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Ladies, are we undergoing some sort of collective “ confidence collapse”?
Maybe you’ve noticed what I have lately: So many grownup women — in meetings, on the street, wherever — hold their bodies in a way that fails to exude the confidence of their experience. It’s not our words but our body language: Too many of us seem to make ourselves smaller when speaking, as though we’re trying to fade into the background.
What’s behind this loss of self-assurance?
Any person, male or female, can lose confidence at any age. After 50, however, a flood of life shocks can suck the energy right out of our souls: The loss of a job, upheavals in a long-term relationship, financial hardships and empty nests are just a few of the big challenges that often befall us. (Sometimes merely worrying about our looks as we age can undermine our composure.)
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A confidence expert much in the news of late is Harvard Business School social psychologist Amy Cuddy (above) , whose academic research reveals that we can become more confident simply by looking that way. This is not a case of “Fake it ’til you make it,” Cuddy stresses. Instead it’s “Fake it ’til you become it,” with the “it” being “confident.”
Cuddy demonstrates one way to do just that in a video that has become the second most popular TED Talk ever: You stand as tall as you possibly can, with your back held ramrod straight. This power pose, Cuddy’s research shows, can increase the body’s production of confidence-boosting testosterone, making you appear more powerful to those around you.
My own Damascus Road moment came four years ago when I resolved to walk into the spotlight to promote my first book, The Best of Everything After 50. “Wobble” into the spotlight was more like it: I was petrified by the mere thought of TV appearances and live talks. And when I contemplated revealing to the world my insecurities about turning 50, my formerly ample confidence reserves started to drop.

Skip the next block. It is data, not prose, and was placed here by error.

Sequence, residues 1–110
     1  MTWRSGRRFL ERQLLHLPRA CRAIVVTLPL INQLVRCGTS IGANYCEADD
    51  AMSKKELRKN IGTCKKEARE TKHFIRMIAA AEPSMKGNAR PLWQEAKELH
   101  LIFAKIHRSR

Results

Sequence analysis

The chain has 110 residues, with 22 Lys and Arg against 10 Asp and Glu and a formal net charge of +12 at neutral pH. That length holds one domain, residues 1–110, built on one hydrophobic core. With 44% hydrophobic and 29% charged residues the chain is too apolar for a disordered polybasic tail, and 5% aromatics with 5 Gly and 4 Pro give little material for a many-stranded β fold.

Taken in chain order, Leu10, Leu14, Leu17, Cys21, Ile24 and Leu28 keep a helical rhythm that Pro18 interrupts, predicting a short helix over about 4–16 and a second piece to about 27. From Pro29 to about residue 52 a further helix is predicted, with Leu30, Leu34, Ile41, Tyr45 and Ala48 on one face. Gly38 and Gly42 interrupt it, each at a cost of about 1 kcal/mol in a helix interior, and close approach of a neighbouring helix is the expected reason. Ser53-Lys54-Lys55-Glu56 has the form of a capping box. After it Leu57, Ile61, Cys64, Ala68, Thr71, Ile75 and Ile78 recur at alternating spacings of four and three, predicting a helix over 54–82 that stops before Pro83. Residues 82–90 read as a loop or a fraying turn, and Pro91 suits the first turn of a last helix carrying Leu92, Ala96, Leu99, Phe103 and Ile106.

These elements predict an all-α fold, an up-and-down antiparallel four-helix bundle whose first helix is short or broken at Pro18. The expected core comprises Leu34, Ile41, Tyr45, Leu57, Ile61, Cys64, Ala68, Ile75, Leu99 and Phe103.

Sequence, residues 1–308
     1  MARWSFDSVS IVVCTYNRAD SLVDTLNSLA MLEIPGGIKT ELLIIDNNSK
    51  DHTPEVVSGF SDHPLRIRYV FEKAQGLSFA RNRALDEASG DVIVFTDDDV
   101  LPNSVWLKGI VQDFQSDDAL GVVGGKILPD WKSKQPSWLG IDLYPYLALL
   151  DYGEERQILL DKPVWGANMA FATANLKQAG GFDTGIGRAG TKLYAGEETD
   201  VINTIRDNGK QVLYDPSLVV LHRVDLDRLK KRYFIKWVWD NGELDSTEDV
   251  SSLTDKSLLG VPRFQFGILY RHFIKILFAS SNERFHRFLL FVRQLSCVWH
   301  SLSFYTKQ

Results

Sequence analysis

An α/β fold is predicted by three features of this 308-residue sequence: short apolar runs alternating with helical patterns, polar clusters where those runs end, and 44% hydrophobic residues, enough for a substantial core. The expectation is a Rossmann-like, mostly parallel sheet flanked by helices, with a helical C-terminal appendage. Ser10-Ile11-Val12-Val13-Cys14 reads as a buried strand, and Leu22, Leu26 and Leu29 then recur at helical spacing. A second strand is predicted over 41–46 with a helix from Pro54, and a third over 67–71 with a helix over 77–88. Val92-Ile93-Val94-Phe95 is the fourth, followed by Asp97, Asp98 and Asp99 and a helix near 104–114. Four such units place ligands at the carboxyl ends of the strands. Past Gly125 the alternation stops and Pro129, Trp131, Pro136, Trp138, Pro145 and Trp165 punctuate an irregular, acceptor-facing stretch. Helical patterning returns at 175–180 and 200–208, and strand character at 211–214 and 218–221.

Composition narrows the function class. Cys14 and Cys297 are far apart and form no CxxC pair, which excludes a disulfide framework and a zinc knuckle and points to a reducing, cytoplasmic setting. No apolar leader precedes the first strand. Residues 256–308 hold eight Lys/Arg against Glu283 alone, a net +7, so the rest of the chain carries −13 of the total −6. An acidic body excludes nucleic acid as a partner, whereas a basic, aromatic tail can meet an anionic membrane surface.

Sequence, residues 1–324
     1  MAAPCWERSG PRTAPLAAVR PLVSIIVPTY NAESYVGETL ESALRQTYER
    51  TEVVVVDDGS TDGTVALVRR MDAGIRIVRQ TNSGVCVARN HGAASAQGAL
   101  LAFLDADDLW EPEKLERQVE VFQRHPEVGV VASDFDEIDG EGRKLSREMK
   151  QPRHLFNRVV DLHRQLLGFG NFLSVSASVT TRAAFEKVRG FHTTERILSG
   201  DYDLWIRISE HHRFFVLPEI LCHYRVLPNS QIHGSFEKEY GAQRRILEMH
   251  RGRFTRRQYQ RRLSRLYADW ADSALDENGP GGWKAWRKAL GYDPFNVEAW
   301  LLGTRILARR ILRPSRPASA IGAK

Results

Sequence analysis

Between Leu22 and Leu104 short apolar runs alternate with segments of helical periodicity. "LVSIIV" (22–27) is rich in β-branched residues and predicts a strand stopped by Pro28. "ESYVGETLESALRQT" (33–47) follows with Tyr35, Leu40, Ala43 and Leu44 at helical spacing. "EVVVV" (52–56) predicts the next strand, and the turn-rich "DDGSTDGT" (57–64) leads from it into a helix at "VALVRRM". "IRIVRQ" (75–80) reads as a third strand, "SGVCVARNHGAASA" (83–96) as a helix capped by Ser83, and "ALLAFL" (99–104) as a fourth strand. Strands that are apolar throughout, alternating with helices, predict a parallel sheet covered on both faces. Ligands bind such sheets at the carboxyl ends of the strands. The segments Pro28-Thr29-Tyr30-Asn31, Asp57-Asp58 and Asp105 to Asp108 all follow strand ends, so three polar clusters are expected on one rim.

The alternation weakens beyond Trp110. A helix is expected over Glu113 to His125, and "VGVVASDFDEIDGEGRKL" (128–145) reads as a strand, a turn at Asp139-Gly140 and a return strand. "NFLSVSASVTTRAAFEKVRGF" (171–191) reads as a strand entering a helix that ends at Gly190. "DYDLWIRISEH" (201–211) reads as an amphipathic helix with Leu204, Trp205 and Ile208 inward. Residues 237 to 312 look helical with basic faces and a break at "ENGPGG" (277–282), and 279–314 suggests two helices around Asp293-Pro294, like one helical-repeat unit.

My body language during this time telegraphed how I was feeling. I sat in ways that brought all body parts inward. I stood in a way that let the other person appear more powerful than me. Not good.
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Then came word that Ann Curry, anchor of the Today show, wanted to do a segment on my book. This was my opportunity to represent women over 50 on national television, and I didn’t want to blow it! I knew I had to take action, so I practiced, practiced, practiced: I practiced standing tall, head up, shoulders wide; I practiced my key talking points over and over again in the mirror; and I practiced deep breathing to keep my voice from sounding shaky. By the time I waltzed (not wavered) onto the Today set, I was able to tell myself, “I can do this!” And I did.
The segment — which you can watch here — was deemed a success: Books sold and more TV appearances ensued. I appreciate those results, but what I treasure most from the experience is that I was able to get back something that I thought I had lost forever — confidence.
For more tips on how a few small changes can give you a big boost in self-assurance, take a look at this short video:
Remember, we can’t control getting older, but we can control how we do it.
I’d love to hear from you! Leave your questions and ideas about living your best life in the comments section below. Or connect with me on Facebook, Twitter or my blog on AARP.org.
Photos: TED, Best of Everything After 50
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